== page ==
Breach notifications: You can’t disclose what you haven’t discovered

You’d be forgiven for thinking that Australian businesses aren’t in the cross hairs of cyber attackers. The lack of a mandatory reporting regime has meant there has been no legal compulsion for Australian organisations to publicise data breaches. 

But all this will change on February 22.

When the Australian Government’s Privacy Amendment (Notifiable Data Breaches) Act 2017 comes into force, all businesses will be required to notify not only the Office of the Australian Information Commissioner (OAIC), but also any impacted clients, about significant data breaches.

While there are some exemptions, for example the new rules will apply only to those organisations with more than $3 million revenue, the end result is that many more breaches will become public. As a consequence, the false sense of security that Australian organisations are safer than their international counterparts will receive a sobering reality check. 

The OAIC has published a list of resources for organisations who fall under the purview of the new law, and much of the public commentary has focused on what organisations must do after they learn they’ve been breached. 

Across the industry, there is much concern about the new laws due to a lack of preparedness. In fact, research suggests 44 per cent of Australian businesses aren’t ready to meet their obligations. While this has serious implications, there has been much less discussion on how to discover a breach in the first place – after all, it’s impossible to disclose what you haven’t discovered.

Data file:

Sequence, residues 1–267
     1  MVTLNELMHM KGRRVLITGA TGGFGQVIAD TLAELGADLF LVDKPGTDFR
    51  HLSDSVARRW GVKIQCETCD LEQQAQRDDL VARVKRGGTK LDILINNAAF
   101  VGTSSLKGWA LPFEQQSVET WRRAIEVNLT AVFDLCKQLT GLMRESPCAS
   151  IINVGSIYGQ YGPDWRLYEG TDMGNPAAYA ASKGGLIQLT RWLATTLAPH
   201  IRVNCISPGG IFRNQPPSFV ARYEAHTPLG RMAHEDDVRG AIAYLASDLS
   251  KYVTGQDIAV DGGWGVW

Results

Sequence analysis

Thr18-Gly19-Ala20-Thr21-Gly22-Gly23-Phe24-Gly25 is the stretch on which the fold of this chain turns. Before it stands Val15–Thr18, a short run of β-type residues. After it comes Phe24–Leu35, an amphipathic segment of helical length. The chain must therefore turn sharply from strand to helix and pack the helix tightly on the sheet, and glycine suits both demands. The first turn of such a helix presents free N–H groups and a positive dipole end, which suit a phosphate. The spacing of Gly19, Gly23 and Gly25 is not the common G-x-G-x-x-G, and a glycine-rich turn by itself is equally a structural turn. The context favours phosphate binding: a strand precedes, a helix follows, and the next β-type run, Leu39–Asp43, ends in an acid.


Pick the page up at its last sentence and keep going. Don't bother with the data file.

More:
Recent research shows that almost half of the breaches (47 per cent) discovered in 2016, were discovered by third parties. While these figures are for the US, given the maturity of the antipodean market and the existence of breach disclosure legislation for some time, I’d hazard a guess that the Australian figures are much worse.

The reason businesses struggle to identify breaches themselves is because of their reliance on outdated methods such as log-based intrusion detection systems. SIEMs, for example, are reminiscent of Homer Simpson’s ‘everything’s OK alarm’ – this traditional log-based approach to cyber security is failing because the avalanche of false positives and alert fatigue gives attackers too much static within which to hide.

This is where services like LMNTRIX can be of enormous value. We use a validated and integrated threat detection and response architecture to hunt down advanced and unknown threats that routinely bypass perimeter controls. We do this with the use of a proprietary platform called Adaptive Threat Response (ATR) – a 24/7 analyst-driven service. Unlike the industry norm, we don’t rely on the customers’ existing infrastructure and we don’t rely on logs. 

ATR’s technology stack includes multiple network and endpoint sensors, deceptions everywhere, and threat intelligence feeds – even from the deep and dark web. ATR enables an offensive military approach, based on the concept of hunting and adversary pursuit. This is critical to neutralising the adversary’s ability to gain entry and remain undetected.

This means the only thing a client receives is a validated breach. We don't deliver endless alerts, a fancy portal that nobody logs into, or reports filled with meaningless statistics. 

Ultimately, businesses shouldn’t need legislation to compel them to notify affected parties when their data has been breached. Now, with fines of up to $1.8 million for failing to do so ‘as soon as practicable’, there won’t be a choice. 

But first they’ll need to discover what it is they need to disclose.   


On 2018-02-07

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